This is a blog post about the corresponding paper (pdf). In this post, you'll learn the following things:
- The state of emoji and emoticon support in different datasets and models.
- How to to extend BERT to leverage emoji and their semantics.
- How conversational models can be improved by emoji support.
Emoji are badly supported
Whether or not emoji are used depends on the context of a text or conversation, with more formal settings generally being less tolerating. So is the popular aligned corpus Europarl naturally devoid of emoji. Technical limitations, like no Unicode support, also limit its use. This in turn affects commonly used corpora, tokenizers, and pre-trained networks.
Take for example the Ubuntu Dialog Corpus, a commonly used corpus for
multi-turn systems. This dataset was collected from an IRC room casually
discussing the operating system Ubuntu. IRC nodes usually support the
ASCII text encoding, so there's no support for graphical emoji. However,
in the 7,189,051 utterances, there are only 9946 happy emoticons (i.e.
:-) and the cruelly denosed
:) version) and
2125 sad emoticons.
Word embeddings are also handling emoji poorly: Word2vec with the commonly used pre-trained Google News vectors doesn't support the graphical emoji at all and vectors for textual emoticons are inconsistent. As another example with contextualized word embeddings, there are also no emoji or textual emoticons in the vocabulary list of BERT by default and support for emoji is only recently added to the tokenizer. The same is true for GPT-2. As all downstream systems, ranging from fallacy detection to multilingual résumé parsing, rely on the completeness of these embeddings, this lack of emoji support can affect the performance of some of these systems.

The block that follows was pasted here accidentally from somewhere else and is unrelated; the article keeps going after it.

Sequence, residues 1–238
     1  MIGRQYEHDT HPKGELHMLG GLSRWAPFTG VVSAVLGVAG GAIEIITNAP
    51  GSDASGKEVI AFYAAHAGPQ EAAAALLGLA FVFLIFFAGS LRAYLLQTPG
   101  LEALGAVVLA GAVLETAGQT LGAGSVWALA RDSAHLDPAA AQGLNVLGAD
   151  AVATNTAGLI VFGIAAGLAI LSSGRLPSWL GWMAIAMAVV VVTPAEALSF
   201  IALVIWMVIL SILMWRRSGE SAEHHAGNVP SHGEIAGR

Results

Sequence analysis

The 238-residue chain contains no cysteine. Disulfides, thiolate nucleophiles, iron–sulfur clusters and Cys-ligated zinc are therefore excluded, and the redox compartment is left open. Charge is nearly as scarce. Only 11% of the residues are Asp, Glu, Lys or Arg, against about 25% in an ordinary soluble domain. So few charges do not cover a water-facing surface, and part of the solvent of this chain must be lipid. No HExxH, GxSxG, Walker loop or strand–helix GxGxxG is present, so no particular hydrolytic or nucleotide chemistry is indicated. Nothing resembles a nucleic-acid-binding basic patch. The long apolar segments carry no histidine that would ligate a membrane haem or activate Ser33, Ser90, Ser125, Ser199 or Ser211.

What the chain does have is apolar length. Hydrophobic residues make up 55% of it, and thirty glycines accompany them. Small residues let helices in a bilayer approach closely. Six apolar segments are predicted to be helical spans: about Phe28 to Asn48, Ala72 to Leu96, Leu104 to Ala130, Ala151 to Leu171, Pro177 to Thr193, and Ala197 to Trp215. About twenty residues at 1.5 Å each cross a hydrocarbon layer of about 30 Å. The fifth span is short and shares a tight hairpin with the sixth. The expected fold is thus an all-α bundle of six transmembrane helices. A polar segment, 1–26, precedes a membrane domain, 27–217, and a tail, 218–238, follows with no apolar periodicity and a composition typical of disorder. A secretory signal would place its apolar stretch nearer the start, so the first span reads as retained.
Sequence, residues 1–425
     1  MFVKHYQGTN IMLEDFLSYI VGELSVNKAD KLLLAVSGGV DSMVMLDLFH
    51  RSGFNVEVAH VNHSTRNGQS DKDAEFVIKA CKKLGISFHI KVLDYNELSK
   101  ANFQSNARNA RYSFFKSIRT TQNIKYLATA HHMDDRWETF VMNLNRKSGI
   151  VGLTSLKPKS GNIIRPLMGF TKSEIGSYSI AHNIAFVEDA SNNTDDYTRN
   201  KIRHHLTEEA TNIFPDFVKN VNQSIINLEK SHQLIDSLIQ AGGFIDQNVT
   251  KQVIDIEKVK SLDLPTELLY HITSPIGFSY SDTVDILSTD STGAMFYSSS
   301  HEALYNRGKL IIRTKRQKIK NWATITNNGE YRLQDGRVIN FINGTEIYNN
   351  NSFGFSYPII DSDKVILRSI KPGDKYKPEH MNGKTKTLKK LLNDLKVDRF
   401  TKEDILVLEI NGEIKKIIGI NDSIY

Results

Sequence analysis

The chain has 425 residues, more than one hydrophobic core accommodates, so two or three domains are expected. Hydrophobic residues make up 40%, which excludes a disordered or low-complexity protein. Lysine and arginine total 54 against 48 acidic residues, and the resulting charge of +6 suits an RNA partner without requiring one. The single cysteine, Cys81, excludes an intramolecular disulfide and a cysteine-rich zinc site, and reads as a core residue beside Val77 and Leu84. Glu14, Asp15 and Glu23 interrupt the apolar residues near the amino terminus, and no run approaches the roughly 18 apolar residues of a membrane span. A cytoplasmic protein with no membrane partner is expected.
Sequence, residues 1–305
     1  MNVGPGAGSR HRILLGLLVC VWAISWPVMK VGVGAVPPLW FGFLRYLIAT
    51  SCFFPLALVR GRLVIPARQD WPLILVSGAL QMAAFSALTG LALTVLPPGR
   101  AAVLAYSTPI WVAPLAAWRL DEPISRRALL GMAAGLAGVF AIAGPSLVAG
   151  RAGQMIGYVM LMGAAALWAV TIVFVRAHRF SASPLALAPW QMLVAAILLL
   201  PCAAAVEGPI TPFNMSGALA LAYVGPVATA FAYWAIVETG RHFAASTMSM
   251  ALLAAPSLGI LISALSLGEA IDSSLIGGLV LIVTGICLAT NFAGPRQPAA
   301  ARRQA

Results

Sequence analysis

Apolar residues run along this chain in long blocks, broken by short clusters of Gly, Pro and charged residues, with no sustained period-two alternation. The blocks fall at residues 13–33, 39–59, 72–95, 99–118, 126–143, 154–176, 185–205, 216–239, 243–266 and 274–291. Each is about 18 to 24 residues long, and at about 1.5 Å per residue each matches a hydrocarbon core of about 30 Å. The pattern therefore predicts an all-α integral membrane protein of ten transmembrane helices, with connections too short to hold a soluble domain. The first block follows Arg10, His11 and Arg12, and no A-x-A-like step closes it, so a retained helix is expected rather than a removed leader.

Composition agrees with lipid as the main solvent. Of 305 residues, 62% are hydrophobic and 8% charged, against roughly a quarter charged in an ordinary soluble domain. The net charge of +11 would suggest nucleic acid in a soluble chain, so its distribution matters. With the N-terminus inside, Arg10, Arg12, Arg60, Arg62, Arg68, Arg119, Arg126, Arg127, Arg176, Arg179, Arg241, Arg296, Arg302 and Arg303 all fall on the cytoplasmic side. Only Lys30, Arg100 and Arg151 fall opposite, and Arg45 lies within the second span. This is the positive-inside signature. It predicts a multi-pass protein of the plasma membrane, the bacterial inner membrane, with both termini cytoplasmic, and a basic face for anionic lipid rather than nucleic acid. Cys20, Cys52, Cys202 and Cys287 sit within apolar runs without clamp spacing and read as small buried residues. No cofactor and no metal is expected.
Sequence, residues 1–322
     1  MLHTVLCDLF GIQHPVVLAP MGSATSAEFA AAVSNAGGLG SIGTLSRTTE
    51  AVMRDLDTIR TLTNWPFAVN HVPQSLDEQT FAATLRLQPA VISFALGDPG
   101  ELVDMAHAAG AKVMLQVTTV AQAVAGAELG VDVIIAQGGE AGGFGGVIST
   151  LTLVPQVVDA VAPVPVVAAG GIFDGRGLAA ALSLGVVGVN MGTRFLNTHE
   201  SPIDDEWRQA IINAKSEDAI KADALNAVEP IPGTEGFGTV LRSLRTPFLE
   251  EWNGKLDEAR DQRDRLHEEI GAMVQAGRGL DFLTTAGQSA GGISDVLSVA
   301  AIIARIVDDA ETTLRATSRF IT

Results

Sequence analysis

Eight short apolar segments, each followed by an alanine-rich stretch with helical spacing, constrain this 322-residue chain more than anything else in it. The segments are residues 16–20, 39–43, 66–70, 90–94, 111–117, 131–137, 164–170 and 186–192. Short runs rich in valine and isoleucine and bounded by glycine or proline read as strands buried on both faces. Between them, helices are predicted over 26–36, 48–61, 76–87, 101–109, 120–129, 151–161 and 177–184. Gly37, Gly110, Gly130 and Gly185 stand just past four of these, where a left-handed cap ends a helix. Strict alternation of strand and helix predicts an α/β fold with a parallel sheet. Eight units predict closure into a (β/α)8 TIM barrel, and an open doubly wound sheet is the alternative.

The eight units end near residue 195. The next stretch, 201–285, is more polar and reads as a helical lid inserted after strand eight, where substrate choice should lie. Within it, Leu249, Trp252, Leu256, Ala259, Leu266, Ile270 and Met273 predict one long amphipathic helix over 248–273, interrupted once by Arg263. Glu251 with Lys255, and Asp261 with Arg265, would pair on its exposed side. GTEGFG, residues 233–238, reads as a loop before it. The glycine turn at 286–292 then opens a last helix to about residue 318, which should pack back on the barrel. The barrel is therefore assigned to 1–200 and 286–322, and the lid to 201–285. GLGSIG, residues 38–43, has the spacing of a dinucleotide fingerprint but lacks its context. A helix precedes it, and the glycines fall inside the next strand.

Conversational artificial intelligence
In this case, we'll format our problem as a response selection problem. During training, the model has to select the right response with one randomly sampled negative candidate. The stakes are higher during evaluation, where it has to choose between 99 negative candidates and only 1 positive.
This is a more restricted form of conversational AI, as opposed to generative models. However, it's still popular since it's easier to evaluate and responses are naturally limited to a whitelisted set. This way, companies offering chat bots don't get surprised by racist or inappropriate quotes from their bots, for example.
How to incorporate emoji in BERT
BERT-base-multilingual-cased as the baseline,
where we finetuned a specialised head for next sentence prediction. We
then continued training of the embeddings matrix, which was extended
with the tokens for every emoji from the Unicode Description.
To get the emoji correctly in the BERT model, the tokenizer was also
modified a bit. Firstly, graphical emoji were replaced by a unique
:face_with_rolling_eyes:) to also support
custom emoji. Secondly, we added these descriptions explicitly to the
The model with extended embeddings matrix and modified token-set was then also finetuned with a specialised head, in the same way as the baseline.
Both the baseline and our model were evaluated on a held-out test set, where our model achieved a 1-out-of-100 accuracy of 17.8%, compared to 12.7% for the baseline model.